D.C. Road Show

The D.C. Road Show is a collective effort, by several major DC law firms, to recruit African-American law students to the Washington, DC market. Started in about 1975, the D.C. Road Show’s origins lay in the observation, at the time, that most African-American law students interested in big-firm practice generally looked to the New York market. African-American law students who were attracted to DC tended to be more interested in a career with the Federal government. At that time, very few of the major law firms had a presence in Washington, DC.

To encourage African-American law students to come to Washington to try big-firm practice, the idea was conceived for the major DC law firms to go “on the road” to visit the law schools which had traditionally been the sources for new talent. The D.C. Road Shows set out to meet with the African-American law students in more informal settings and share with them an alternative to a law career in NY, as well as the opportunities and advantages related to a career in Washington, DC.

Today, the D.C. Road Show is conducted by over a dozen major law firms in Washington, DC. Road Shows have been held at Berkeley, Chicago, Columbia, Duke, George Washington University, Georgetown, Harvard, Howard, Northwestern, NYU, Penn, Stanford, the University of Virginia, and Yale. Although the D.C. Road Show now includes branch offices of major law firms not based in Washington, DC, the message remains the same: to encourage African-American law students to come to Washington, DC to try big-firm practice.

Michael St. Patrick Baxter, one of our partners, chairs the D.C. Road Show Committee, and for many years, has organized the Road Show for all Washington firms.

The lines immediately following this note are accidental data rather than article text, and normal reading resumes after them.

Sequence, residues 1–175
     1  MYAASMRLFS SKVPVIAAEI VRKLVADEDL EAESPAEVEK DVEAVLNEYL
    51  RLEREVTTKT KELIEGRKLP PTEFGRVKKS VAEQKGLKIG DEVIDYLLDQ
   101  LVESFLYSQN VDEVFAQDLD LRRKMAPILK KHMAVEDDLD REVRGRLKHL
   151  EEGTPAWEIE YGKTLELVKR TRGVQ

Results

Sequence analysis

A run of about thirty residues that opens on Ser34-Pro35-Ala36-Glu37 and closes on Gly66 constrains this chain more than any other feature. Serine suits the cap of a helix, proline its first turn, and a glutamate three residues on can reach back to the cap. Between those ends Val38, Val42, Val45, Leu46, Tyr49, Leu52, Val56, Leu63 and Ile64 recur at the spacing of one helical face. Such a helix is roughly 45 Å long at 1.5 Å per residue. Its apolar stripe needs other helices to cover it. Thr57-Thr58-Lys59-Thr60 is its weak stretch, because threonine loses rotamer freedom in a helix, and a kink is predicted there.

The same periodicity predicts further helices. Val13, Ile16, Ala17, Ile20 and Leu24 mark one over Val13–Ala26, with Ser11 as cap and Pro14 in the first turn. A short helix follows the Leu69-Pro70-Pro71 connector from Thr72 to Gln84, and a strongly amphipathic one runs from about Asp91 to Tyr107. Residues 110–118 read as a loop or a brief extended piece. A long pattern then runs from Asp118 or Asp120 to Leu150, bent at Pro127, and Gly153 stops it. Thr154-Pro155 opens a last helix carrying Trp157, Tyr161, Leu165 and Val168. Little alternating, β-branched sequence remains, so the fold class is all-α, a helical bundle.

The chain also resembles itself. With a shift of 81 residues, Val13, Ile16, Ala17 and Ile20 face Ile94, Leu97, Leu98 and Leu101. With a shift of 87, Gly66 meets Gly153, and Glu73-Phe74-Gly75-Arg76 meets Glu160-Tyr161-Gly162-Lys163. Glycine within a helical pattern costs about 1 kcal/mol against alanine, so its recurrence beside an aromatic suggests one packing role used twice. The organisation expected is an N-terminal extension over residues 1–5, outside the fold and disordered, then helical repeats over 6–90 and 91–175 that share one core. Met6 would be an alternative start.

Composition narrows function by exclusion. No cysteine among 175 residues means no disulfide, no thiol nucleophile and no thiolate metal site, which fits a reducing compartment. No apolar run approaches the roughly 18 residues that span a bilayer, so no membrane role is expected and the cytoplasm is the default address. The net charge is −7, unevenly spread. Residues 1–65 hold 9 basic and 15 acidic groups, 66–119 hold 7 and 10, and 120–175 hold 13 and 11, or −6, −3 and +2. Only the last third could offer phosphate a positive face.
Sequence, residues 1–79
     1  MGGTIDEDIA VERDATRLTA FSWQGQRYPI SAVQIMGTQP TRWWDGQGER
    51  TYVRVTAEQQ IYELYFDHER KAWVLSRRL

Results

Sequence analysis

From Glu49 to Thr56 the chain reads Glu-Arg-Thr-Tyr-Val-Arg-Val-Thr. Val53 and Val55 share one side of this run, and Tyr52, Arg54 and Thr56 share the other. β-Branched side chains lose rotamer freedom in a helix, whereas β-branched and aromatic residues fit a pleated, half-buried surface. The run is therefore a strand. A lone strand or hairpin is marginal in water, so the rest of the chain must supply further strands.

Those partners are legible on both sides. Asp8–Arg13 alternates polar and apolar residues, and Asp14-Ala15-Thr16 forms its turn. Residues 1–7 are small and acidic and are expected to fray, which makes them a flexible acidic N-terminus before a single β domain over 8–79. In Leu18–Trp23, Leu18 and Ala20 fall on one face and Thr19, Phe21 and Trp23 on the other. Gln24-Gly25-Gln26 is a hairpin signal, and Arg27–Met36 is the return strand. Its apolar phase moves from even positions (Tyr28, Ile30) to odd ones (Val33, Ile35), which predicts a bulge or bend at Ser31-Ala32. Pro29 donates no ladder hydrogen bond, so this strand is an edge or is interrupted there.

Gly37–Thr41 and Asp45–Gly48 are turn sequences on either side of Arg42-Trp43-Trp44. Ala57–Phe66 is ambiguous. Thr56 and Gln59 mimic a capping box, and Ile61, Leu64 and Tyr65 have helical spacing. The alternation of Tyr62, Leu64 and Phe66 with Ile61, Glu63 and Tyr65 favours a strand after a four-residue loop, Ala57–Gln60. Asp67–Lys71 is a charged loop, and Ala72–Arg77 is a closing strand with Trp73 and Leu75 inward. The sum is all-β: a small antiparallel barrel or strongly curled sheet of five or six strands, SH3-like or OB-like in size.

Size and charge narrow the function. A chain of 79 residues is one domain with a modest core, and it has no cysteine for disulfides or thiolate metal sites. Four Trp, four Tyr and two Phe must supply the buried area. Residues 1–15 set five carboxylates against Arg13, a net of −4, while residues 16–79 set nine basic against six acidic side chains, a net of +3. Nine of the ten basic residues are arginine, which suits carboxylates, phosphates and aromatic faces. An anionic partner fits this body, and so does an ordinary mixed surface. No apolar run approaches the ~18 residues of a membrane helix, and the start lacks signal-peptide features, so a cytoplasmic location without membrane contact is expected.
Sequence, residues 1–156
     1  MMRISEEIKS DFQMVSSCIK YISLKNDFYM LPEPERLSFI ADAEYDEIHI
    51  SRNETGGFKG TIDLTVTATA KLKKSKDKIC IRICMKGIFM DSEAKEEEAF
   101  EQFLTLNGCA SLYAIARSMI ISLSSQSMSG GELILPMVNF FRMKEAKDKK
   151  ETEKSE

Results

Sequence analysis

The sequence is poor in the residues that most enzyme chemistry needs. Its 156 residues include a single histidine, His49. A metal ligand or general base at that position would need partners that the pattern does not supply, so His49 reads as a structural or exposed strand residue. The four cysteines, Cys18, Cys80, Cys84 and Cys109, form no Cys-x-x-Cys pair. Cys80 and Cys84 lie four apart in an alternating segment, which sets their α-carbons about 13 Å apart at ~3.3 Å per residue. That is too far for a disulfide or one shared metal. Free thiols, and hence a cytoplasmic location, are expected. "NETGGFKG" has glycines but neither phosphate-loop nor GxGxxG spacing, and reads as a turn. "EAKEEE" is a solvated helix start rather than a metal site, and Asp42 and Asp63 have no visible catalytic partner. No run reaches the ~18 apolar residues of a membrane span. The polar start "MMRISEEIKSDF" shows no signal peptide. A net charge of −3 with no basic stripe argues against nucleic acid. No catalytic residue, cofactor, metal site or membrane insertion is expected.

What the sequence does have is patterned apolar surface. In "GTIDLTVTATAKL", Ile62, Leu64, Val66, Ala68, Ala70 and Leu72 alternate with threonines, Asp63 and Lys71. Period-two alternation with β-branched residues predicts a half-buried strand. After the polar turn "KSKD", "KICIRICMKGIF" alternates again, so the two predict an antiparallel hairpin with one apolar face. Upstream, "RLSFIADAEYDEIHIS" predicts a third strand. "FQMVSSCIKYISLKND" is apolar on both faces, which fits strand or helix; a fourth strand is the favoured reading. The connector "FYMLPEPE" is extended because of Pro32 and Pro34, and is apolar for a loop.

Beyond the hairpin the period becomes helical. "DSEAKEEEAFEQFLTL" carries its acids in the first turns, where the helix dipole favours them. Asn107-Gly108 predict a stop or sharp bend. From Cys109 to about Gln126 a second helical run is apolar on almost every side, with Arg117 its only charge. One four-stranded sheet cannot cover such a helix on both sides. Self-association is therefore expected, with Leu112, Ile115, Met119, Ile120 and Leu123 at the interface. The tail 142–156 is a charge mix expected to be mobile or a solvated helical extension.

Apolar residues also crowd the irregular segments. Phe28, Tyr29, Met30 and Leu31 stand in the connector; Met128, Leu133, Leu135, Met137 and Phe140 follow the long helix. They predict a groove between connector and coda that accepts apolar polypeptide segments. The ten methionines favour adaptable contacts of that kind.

What Happens at a D.C. Road Show

At a D.C. Road Show, the participants discuss subjects and issues of interest to the students. Among the topics frequently discussed are handling the interview, dealing with less-than-stellar grades, why come to DC, choosing a practice area, being African-American in a major law firm, and how to succeed at a law firm.

One of the greatest benefits the Road Show affords African-American law students is the opportunity to ask questions they may be reluctant to ask in the interview process. In the context of the Road Show, free from any perceived strictures, politics and repercussions of the interview process, the students feel more comfortable asking candid questions, and the representatives from the law firms endeavor to answer them equally candidly.

Perspectives of Road Show Alumni

"I attended the D.C. Road Show at Columbia Law School in 2015. I do not think the value of seeing a panel comprised entirely of African American attorneys, most of whom were partners, can be overstated. The Road Show marked the first time I had an opportunity to ask attorneys with similar backgrounds to my own why they chose their specific areas of practice.

The tone of the D.C. Road Show was one of collaboration. It felt like less of a sell for a particular firm and more of presentation on what having a legal practice in DC could be. Lawyers provided examples of their typical work days. Those days would include very interesting and intellectual legal work, but also dinner with a significant other or playing sports with colleagues. I recall that one partner taught a knitting class. Seeing people who were lawyers, and not lawyers who are sometimes people, made a huge impact.

New York is my preferred city to live in, but when I thought about being able to do the type of work I wanted to do while having the type of life I wanted, it became clear to me that Washington, DC was the place where I could accomplish that without having to sacrifice one for the other. The D.C. Road Show sold me on practicing in the nation's capital."

Jachele Vélez